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The Commonwealth of Virginia is one of the fifty states in the United States.

Plurality requirement

The Code of Virginia has a plurality requirement for local elections (see Elizabeth Reed's Fair Elections and the Law for the Commonwealth of Virginia.) One of the relevant provisions states:

24.2-673. Candidates having highest number of votes to receive certificate of election.
Except in the case of a recount pursuant to the provisions of Chapter 8 (? 24.2-800 et seq.) of this title, in all elections for the choice of any officer, unless it is otherwise expressly provided, the person having the highest number of votes for any office shall be deemed to have been elected to such office and shall receive the certificate of election.
(Code 1950, 24-276; 1970, c. 462, 24.1-148; 1993, c. 641.)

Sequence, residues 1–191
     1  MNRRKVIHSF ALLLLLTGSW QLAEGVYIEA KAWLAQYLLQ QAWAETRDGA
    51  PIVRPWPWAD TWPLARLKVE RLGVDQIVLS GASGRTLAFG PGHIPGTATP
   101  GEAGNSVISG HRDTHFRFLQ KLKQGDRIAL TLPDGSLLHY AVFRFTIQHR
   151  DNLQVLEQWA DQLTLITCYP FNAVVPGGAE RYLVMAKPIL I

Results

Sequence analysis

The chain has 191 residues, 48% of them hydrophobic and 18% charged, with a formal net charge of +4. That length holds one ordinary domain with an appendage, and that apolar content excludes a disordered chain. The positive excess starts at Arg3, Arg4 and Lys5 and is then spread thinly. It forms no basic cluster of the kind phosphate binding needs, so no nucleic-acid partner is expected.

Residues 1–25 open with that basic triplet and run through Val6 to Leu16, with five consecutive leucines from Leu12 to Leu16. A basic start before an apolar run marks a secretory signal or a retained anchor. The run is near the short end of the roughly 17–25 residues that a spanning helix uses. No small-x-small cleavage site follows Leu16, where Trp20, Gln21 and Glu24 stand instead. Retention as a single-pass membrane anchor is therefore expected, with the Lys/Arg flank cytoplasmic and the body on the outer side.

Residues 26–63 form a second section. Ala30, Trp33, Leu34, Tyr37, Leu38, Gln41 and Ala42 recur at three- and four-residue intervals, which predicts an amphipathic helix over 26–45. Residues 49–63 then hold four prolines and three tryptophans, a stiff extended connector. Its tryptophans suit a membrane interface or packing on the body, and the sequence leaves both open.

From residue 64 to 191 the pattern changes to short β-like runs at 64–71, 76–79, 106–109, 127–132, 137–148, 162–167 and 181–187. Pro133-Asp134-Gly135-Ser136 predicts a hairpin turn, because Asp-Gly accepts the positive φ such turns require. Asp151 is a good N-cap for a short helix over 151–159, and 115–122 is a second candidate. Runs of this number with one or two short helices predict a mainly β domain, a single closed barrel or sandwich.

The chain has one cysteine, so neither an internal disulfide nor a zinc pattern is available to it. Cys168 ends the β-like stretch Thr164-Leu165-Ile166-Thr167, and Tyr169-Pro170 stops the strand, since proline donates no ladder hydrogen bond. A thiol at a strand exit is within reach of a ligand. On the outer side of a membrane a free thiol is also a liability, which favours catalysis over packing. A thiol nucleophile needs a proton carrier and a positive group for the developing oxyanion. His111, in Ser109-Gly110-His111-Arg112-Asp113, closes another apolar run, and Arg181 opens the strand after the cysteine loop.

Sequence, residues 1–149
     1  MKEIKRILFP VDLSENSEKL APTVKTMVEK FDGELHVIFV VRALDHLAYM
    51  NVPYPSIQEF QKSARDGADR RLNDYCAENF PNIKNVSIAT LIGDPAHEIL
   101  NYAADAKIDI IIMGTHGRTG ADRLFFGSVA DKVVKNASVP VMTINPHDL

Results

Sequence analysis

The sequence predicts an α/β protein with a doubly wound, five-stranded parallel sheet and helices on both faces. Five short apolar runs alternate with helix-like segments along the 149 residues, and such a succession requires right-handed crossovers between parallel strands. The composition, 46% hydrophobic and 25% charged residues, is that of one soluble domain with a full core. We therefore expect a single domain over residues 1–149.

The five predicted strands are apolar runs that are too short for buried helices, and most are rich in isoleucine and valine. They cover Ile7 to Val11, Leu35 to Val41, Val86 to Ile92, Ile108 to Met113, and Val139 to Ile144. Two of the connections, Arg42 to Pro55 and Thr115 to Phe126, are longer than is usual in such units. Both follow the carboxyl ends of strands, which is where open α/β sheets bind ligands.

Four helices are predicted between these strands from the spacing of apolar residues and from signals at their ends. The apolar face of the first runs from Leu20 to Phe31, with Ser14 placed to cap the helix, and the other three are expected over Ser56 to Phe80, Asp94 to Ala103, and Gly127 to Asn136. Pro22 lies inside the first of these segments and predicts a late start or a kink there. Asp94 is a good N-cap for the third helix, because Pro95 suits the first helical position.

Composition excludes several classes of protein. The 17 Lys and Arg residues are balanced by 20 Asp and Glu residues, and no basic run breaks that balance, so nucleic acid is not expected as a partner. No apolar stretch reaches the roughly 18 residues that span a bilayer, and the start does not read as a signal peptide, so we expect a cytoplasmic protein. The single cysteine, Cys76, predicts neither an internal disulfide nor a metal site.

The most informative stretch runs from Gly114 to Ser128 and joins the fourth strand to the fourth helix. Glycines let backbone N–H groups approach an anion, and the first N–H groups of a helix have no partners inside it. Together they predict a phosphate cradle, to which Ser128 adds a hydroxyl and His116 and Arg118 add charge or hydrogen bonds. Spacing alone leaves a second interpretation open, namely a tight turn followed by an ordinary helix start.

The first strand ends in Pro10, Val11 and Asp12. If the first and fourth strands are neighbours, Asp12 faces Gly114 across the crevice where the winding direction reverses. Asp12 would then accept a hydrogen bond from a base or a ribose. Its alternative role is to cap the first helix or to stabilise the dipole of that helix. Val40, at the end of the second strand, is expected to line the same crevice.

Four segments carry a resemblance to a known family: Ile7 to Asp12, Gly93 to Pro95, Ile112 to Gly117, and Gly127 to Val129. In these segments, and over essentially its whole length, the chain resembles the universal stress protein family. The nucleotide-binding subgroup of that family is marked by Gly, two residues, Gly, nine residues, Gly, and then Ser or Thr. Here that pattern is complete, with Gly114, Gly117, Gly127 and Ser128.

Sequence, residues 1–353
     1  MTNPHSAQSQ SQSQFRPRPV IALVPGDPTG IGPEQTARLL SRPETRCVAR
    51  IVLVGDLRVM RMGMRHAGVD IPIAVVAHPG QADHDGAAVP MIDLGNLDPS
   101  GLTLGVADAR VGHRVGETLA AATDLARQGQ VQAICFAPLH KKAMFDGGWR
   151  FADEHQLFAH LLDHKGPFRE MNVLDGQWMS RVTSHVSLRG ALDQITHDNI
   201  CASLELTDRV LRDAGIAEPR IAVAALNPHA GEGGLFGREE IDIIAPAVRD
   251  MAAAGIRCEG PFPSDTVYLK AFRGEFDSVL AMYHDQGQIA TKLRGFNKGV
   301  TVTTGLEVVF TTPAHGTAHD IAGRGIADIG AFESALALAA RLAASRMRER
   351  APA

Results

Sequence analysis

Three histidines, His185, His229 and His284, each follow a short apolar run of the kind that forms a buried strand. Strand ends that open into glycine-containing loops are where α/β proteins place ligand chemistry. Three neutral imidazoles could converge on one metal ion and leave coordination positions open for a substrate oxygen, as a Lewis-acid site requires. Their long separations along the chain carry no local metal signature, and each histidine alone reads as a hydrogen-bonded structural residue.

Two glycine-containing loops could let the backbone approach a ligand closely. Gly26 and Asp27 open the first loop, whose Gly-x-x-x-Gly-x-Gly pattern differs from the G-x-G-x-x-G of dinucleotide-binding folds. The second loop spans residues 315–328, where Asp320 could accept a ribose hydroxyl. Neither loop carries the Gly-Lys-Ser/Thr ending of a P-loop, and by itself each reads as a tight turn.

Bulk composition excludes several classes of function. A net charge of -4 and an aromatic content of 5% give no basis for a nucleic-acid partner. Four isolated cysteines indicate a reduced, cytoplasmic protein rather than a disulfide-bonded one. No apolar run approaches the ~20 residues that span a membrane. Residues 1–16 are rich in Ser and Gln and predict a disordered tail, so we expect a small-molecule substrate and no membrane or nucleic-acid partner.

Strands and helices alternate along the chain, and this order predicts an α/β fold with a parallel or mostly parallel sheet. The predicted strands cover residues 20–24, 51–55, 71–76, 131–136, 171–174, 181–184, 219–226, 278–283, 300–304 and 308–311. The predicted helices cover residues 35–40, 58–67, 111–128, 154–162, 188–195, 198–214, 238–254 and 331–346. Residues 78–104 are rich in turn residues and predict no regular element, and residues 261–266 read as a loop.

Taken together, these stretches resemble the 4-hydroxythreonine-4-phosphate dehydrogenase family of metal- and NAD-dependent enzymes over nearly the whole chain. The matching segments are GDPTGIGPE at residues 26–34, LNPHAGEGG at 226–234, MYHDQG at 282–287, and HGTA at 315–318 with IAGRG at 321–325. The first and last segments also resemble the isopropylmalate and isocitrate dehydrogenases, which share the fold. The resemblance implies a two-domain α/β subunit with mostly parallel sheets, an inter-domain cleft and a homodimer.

Reform efforts

Virginians for Instant Runoff Voting, or VIRV, is the main organization devoted to working for implementation of the single transferable vote in Virginia.

In 2003, Delegate William K. Barlow introduced HB 2739, a bill to use IRV in all elections. In 2004, Barlow introduced HB 956, a less ambitious bill that would have allowed cities and counties to use IRV in local elections. The House Privileges and Elections Committee, chaired by Del. Lacey E. Putney, voted unanimously to table it.


  • Future
    • September 2023
  • Past
    • Perhaps there have been a couple

External links